Confidence builder for developing trail riders
- MSRP: $529
- SEAT HEIGHT: 20.7″ – 25.5″
- WEIGHT: 18.9 lb.
- STANDOUT FEATURES: Lightweight and nimble, trigger shifters for aggressive riders
- FULL REVIEW: Prevelo Alpha Three
For those young groms craving a lightweight, nimble bike that can easily take them from grand neighborhood adventures to basic trails, the Prevelo Alpha 3 is the ultimate ride.
While the tires and brakes on the Pello Rover make it better for frequent or intermediate trail riders, the 1.5 lb. lighter weight Prevelo is better for everyday aggressive riders who seek out any obstacles, such as jumps or ramps, as well as occasional trail riding.
Featuring trigger shifters, versus Pello’s grip shifters, the Prevelo offers faster and quicker shifting for those powering up hills or neighborhood jumps.
HONORABLE MENTION 20 INCH BIKES
Best 18 Inch Bike Option
- MSRP: $159
- SEAT HEIGHT: 24.5″ – 29″ (20″ wheel size)
- WEIGHT: 27.8 lb.
- GAIN RATIO:
- STANDOUT FEATURES: Decent build for a pretty great price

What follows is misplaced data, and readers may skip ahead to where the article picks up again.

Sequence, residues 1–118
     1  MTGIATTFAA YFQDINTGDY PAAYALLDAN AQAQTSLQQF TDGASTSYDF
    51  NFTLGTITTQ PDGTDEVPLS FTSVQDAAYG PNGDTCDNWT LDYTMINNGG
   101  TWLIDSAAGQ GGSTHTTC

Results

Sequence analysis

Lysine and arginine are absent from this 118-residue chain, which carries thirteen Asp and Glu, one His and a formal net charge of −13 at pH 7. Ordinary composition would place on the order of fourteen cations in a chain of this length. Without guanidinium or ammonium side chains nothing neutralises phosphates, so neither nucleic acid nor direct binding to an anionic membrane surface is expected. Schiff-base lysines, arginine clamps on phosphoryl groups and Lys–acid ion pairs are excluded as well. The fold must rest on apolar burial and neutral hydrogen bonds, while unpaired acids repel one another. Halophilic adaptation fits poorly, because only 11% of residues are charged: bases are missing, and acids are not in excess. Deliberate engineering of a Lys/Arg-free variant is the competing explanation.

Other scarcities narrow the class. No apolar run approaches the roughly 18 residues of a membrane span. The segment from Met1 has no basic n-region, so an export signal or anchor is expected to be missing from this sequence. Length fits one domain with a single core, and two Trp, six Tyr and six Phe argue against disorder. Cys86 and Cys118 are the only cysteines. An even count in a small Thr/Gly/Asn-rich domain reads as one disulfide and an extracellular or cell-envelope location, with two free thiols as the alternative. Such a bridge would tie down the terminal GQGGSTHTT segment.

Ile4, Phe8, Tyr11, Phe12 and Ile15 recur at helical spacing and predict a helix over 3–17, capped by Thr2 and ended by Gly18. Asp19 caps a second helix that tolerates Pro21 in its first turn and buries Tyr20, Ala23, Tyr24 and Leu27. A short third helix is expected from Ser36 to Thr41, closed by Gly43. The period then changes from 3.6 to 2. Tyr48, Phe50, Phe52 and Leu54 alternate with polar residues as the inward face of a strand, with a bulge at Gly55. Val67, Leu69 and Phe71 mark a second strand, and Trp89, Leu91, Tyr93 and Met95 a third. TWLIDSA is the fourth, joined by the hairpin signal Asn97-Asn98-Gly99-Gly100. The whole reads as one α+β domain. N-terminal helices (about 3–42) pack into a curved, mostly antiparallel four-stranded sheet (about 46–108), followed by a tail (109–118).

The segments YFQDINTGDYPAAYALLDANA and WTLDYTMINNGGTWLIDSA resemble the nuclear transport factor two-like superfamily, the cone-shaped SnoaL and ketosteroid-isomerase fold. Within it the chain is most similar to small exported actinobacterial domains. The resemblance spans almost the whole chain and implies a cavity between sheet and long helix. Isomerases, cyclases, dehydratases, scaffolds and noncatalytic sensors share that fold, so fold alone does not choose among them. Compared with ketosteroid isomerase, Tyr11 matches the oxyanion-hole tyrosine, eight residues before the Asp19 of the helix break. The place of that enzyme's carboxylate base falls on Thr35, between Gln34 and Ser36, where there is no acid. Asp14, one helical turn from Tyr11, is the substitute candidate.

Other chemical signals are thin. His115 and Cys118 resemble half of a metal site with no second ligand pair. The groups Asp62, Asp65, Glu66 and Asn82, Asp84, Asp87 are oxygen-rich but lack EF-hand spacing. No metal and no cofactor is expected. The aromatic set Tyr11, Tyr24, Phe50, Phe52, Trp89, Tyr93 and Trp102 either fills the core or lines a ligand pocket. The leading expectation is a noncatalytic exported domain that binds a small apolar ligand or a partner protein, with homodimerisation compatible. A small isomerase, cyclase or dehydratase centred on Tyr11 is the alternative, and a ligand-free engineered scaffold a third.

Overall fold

- FULL REVIEW: Schwinn Koen Boys Bike
If your budget is sending you in the direction of Walmart or Amazon, the Schwinn Koen and Elm are the best bikes you’re going to get under $200. While their components are very basic and they are significantly heavier than other bikes on this list, they have better frame designs and overall geometry than most bikes you’ll find at a big-box store.
We tested the 20″ Koen and found it to be on the larger end for 20 inch bikes. The 18 inch Koen is sized more like the other 20 inch bikes we recommend. Depending on your child’s inseam, you may want to check out the slightly smaller 18 inch bike instead of the 20.
Top-notch components for its price
- MSRP: $339
- SEAT HEIGHT: 22.5″ – 27.75″
- WEIGHT: 20.9 lb.
- GAIN RATIO: 2.22 – 4.45 (7sp)
- STANDOUT FEATURES: Easy-to-use gears, great components at a low price, lightweight
- FULL REVIEW: Vitus 20 Kids Bike